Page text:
Sculpture & Carvings
Dale Chihuly one of kind Macchia Rare!! Nicest on the Market
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Title: One of a Kind Prototype Red and Blue Macchia
Size: 8" x 8.5" x 9.5"
Edition: One of a kind Prototype
Condition: Signed and dated by Chihuly in Mint condition. Includes Acrylic Display Vitrine
This piece was hand picked at Chihuly Studios. It was a prototype and one of a kind piece that was considered going to a series. This beautiful piece was far to complex and difficult to produce and never made it to the portland press series. Without a doubt this is the finest Macchia we have ever offered and the finest currently available on the entire market. The piece is listed with the best offer option. The first to meet our bottomline will take this gorgeous piece home and call it theirs!
Derived from the Latin macula, the Italian word “macchia” connotes simply a stain or a spot, but it has a much richer range of meaning. Since the Renaissance, macchia has been associated with a sketchy way of applying the initial color to a drawing or painting. Particularly appropriate for the late style of the Venetian painter Titian, the word characterizes his emphasis on brushwork and summary treatment of form. In the seventeenth century, macchia designated the special quality of improvisational sketches that appear to be nature’s miraculous creation rather than mere human work.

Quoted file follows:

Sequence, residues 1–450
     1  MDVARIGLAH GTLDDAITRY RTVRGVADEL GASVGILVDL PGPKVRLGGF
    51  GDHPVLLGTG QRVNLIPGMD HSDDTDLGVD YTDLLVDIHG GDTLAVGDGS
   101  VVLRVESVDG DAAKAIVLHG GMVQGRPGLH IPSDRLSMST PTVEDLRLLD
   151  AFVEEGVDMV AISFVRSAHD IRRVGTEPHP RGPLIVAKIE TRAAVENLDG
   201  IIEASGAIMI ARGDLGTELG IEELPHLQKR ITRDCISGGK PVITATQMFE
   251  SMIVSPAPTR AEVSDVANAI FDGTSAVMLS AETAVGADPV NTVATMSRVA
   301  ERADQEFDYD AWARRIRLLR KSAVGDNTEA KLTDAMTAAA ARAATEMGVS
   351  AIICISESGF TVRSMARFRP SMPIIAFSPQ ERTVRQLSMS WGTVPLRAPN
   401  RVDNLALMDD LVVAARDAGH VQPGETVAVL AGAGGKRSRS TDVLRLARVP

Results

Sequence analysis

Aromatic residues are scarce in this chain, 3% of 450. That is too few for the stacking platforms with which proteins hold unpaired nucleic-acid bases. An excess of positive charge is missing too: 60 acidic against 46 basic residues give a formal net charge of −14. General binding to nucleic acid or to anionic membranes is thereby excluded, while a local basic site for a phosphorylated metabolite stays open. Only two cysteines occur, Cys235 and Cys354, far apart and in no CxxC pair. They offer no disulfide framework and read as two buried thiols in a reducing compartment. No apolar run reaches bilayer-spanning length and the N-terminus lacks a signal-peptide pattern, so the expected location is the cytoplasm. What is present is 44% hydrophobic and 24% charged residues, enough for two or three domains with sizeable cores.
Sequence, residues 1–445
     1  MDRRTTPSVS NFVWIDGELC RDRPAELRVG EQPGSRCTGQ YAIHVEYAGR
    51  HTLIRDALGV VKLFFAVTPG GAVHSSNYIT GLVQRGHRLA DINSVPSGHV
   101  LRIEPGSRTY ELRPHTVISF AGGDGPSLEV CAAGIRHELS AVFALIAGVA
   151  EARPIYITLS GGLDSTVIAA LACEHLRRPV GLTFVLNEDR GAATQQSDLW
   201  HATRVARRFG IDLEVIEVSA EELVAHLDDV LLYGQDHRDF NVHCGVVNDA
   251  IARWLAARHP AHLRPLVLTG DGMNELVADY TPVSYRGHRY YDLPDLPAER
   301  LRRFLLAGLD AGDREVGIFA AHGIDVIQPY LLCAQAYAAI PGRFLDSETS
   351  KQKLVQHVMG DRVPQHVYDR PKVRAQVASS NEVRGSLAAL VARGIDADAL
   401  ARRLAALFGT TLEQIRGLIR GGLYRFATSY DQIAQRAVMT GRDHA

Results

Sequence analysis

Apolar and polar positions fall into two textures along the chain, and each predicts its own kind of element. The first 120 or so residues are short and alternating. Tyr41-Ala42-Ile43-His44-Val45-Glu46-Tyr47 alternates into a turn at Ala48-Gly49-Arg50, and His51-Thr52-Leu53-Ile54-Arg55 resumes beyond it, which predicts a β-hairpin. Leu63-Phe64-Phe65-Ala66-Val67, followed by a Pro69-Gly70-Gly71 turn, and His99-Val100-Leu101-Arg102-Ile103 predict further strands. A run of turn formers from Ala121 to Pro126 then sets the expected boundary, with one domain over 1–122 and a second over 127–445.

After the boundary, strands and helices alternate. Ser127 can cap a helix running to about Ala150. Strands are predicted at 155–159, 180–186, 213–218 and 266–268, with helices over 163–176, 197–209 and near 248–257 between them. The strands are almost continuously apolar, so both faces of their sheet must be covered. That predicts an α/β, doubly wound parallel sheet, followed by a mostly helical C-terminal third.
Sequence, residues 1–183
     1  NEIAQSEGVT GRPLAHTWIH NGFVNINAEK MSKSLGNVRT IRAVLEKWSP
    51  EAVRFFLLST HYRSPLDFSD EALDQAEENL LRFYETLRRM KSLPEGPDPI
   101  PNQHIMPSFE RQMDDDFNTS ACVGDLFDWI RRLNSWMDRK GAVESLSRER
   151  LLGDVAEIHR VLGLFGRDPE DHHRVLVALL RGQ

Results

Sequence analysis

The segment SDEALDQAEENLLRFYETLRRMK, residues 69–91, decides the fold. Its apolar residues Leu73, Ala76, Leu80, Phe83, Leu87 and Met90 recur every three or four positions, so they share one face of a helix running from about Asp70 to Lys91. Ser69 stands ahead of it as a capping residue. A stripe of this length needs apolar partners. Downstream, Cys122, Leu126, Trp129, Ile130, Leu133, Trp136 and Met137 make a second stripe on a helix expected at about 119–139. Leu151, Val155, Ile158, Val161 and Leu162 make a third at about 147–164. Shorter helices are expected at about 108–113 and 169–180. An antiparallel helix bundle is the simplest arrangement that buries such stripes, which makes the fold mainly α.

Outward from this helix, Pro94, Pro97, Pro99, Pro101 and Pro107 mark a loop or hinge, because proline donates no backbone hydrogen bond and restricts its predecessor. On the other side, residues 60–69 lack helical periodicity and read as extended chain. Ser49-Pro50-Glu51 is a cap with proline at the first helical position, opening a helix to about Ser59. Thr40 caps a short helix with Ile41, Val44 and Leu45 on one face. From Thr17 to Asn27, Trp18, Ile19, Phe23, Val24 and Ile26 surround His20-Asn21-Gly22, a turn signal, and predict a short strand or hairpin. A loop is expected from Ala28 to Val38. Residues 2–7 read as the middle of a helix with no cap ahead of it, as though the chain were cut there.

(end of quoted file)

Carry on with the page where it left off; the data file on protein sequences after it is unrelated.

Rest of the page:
Two centuries later, attention was transferred from the work of art to its creator; at that time, macchia signified the initial idea originating in the mind or eye of the artist that becomes the focus of a sketch. This later, highly romantic definition that emphasized the power of artists to reveal nature through their special sensibilities served as a basis for the art of the Macchiaioli, the Italian counterpart to the French Impressionists.
The Italian artist Italo Scanga suggested Macchia as the title of the series of work begun in 1981 by Dale Chihuly. The ability of the word “macchia” to encapsulate the concept of the spontaneous outpouring of artistic sensibility may have been the reason why Scanga recommended it to his friend. The word choice encompasses more than the mere fact that a distinguishing feature of this series is the artist’s preference for splotches of color. When Chihuly appropriates the term “Macchia” for his series, he gives back to the word some of its traditional meanings, particularly the emphasis on spontaneity, on artistic collaboration with technique rather than mere control of it, and on close kinship between artist and nature. His works with their vibrant dashes of color embody both interpretations of the sketch: the artist’s conception and the initial realization of it.